Destinations Through the Decades



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The Classic Vacation


Over the years, the American vacation has evolved along with changing transportation technology, travel trends and work habits.  Pack your Polaroid camera, VHS camcorder and smartphone to check out our infographic and see vacations go from the dawn of commercial air travel to the Vegas boom to the "fake-ation."  How have your vacations changed over the years?

1960s

During the Jet Age, commercial air travel let travelers check out new and exciting locations like Disneyland or Las Vegas. Tourist attractions became must-see hotspots. Everyone brought along their camera, and after trips, friends were invited over to see every picture from the trip and sit through a detailed explanation.

1970s

Americans hit the road, spending their vacations exploring the country in RVs and station wagons. Families checked out local national parks and monuments and enjoyed quality time together during the drive. Instant film, first introduced by Polaroid, gave travelers a taste of the gratification of viewing photos immediately (or at least after a few good shakes).

1980s

After the recession in the early 80s, the economy rebounded, and the US sustained economic growth. With this growth came a rise in upscale vacation destinations, increasing travel to exotic resorts and Walt Disney World. Camcorders allowed travelers to tape every fun-filled minute of their trip and play these videos for friends to relieve the experience.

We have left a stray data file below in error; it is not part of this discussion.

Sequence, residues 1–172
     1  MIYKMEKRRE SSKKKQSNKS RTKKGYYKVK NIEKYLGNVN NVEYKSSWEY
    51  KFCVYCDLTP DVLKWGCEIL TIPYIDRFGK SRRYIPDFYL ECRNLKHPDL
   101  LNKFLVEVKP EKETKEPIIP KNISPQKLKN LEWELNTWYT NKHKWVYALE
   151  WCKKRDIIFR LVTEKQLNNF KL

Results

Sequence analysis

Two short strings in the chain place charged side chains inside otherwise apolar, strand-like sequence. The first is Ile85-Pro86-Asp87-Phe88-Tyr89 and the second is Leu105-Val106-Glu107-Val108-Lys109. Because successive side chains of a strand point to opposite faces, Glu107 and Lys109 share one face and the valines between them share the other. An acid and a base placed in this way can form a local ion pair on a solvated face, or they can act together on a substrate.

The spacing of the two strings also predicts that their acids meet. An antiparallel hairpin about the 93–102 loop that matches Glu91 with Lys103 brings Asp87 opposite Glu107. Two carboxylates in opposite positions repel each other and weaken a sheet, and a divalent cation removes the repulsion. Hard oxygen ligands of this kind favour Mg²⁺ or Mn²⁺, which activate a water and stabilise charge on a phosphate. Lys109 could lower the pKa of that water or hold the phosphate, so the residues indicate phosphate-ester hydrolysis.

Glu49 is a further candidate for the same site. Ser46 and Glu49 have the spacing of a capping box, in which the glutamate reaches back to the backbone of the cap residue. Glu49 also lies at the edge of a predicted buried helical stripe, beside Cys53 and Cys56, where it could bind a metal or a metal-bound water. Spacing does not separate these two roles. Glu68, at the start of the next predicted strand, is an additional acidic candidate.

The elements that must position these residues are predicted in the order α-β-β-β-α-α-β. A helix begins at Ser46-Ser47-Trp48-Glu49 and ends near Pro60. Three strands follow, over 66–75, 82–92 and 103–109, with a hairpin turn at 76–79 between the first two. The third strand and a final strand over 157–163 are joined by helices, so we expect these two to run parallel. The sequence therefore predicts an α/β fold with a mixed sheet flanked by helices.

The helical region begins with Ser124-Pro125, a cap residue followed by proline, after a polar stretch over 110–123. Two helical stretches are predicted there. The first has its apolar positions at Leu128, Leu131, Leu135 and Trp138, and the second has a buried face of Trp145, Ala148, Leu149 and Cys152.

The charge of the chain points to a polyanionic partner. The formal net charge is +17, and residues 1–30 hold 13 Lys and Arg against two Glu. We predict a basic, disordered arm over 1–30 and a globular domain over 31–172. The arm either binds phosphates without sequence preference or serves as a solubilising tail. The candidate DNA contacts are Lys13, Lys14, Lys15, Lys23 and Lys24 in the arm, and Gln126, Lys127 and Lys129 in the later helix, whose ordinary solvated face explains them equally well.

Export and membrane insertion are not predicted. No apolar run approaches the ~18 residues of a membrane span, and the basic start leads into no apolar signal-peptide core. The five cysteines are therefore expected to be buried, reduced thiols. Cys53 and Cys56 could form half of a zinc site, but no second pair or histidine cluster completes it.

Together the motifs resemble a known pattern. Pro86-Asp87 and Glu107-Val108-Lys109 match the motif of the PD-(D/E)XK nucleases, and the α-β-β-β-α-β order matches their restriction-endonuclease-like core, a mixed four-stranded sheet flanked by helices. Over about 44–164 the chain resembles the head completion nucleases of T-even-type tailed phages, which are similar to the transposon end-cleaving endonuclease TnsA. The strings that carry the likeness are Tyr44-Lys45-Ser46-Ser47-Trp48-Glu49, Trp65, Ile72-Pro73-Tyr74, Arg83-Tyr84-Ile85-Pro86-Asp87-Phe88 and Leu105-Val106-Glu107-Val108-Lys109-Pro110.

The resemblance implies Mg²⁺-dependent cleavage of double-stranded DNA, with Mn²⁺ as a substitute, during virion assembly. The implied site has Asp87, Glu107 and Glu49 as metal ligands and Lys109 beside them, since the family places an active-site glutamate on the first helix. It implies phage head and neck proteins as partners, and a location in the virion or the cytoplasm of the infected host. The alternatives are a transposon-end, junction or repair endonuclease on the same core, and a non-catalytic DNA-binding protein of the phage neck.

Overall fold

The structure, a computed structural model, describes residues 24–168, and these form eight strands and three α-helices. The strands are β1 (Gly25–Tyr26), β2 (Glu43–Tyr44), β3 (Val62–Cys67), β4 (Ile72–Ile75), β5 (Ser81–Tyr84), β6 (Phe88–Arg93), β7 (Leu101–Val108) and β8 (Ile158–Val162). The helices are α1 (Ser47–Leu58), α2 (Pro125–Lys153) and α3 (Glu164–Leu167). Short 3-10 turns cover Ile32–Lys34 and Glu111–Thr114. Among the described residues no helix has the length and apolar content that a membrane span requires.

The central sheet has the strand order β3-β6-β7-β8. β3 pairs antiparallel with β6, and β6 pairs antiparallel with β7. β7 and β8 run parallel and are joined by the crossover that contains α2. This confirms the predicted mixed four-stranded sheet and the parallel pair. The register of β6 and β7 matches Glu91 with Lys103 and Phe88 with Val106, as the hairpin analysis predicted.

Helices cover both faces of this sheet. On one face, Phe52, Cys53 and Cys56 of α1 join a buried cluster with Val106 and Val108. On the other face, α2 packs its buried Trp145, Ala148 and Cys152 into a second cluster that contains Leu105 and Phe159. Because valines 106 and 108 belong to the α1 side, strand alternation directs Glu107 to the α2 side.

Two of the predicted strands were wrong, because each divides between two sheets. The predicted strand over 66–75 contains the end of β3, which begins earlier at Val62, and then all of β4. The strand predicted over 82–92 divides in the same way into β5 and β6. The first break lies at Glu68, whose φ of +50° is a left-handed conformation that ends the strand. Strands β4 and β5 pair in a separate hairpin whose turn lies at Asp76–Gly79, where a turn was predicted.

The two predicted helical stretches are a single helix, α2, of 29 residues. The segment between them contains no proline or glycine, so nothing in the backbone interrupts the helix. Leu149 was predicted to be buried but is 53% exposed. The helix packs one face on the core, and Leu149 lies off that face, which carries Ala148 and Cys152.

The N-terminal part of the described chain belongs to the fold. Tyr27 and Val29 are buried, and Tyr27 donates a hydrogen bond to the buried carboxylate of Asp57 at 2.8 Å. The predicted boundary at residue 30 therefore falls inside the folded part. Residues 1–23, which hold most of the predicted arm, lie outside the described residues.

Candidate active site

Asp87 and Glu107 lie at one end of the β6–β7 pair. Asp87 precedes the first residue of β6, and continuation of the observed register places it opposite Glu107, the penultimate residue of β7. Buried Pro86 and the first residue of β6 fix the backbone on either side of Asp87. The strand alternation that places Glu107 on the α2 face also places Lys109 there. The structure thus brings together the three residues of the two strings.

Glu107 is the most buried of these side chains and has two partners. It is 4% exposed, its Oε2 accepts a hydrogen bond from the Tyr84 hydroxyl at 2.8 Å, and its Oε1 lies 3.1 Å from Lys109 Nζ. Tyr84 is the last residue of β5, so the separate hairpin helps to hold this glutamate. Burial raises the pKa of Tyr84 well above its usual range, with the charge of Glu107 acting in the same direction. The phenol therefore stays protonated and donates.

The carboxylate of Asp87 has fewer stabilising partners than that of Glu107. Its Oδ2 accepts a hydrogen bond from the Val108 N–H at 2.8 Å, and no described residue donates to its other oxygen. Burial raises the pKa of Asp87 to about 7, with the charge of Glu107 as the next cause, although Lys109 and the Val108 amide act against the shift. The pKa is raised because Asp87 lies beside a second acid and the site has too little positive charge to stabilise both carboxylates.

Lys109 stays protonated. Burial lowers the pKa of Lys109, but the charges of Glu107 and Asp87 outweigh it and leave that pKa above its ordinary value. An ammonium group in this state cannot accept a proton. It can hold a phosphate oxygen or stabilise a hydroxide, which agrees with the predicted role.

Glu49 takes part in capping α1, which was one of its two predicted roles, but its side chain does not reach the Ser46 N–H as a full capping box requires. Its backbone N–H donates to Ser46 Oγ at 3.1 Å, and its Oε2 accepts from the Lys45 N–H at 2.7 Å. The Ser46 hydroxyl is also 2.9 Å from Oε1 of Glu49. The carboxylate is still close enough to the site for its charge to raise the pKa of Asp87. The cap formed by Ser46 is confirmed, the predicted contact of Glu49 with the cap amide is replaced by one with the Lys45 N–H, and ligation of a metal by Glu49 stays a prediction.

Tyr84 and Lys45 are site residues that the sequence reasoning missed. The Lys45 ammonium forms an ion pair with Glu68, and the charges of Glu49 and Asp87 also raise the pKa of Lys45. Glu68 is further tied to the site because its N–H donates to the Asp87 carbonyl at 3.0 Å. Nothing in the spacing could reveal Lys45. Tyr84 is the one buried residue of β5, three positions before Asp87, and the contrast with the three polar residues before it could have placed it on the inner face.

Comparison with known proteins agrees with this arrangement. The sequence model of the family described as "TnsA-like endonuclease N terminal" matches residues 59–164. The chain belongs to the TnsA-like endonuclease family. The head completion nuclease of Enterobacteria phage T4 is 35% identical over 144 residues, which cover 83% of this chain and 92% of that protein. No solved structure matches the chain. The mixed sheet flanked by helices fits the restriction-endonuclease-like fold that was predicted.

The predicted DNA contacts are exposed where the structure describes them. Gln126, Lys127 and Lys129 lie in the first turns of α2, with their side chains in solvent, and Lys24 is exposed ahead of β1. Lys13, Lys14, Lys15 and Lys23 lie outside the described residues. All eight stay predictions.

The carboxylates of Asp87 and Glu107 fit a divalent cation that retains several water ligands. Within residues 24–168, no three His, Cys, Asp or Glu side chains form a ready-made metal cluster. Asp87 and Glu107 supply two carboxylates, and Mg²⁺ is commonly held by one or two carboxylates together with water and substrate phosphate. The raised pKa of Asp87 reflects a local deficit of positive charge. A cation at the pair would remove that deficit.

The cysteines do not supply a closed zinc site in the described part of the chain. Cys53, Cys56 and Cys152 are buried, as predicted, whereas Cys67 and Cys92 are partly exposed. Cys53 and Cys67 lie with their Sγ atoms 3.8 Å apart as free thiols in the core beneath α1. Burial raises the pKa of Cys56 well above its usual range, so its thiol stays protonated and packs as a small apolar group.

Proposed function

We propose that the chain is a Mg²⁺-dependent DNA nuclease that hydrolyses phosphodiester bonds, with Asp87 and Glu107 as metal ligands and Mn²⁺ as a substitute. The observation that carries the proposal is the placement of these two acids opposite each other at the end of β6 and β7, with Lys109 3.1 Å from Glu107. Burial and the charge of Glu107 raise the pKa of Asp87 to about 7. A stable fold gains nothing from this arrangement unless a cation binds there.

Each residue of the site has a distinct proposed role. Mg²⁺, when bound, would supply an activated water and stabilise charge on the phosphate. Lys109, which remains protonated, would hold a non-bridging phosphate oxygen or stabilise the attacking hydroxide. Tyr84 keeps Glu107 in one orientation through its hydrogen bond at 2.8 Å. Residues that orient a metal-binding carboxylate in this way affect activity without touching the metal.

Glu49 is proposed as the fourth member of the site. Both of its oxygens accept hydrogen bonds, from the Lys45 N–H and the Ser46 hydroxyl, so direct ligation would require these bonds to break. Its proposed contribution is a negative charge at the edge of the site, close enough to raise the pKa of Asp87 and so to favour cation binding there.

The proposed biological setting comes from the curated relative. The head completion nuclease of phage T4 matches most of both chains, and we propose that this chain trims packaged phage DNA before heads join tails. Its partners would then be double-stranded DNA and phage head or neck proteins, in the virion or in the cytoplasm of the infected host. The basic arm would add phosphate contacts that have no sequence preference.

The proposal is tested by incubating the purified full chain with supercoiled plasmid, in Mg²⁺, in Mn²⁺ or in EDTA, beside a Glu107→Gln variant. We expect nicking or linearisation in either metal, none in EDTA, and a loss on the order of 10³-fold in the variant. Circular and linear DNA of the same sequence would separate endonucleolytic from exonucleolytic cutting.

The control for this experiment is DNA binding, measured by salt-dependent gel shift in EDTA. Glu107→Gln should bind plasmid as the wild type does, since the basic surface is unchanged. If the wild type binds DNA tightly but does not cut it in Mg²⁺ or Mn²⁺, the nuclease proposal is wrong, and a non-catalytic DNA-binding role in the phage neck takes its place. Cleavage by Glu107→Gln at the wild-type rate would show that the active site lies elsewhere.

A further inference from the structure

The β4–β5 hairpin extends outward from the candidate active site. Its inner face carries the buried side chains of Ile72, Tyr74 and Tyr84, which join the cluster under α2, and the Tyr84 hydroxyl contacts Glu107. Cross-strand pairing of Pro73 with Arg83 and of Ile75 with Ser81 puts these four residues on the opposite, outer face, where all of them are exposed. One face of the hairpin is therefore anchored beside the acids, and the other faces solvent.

1990s

With a new decade came the transformation of Las Vegas from an adults-only destination to a family-friendly playground. Casinos created arcades for children, and less-racy shows were performed. A thriving economy gave people an opportunity to spend their excess money on souvenirs. They shared their experiences through photos and had enough cash to bring home t-shirts, stuffed animals and keychains they won after spending too much money on games. The emerging Web also created a way for people to begin to share their experiences virtually.

2000s

As the economy took a downturn, people looked for budget-friendly ways to get rest and relaxation, resulting in the rise of the "staycation." Whether it was taking a few vacation days to relax at home or pretending to be a tourist in their own town, Americans fit in a little holiday fun and saved on transportation and lodging. Social media also transformed vacation sharing, allowing people to over-share online as well as in person.

2010s

Advancements in technology have made travel research and booking easier than ever. Travelers can now share their experiences in real time by posting photos and sharing videos to social media sites for all to see. But the downside of this constant connection is that work is also only a click away. Travelers now find themselves on a "fake-cation," checking email and taking calls the whole time.

Through the Decades

All these years later, Americans still prefer the same top destinations for their vacations. Of the top 10 dream vacation destinations listed for 2012, three are in the US:

As technology continues to evolve, so do our travel plans. Who know where we'll be vacationing in the future and to what extent we'll be able to annoy our friends with our vacation experiences!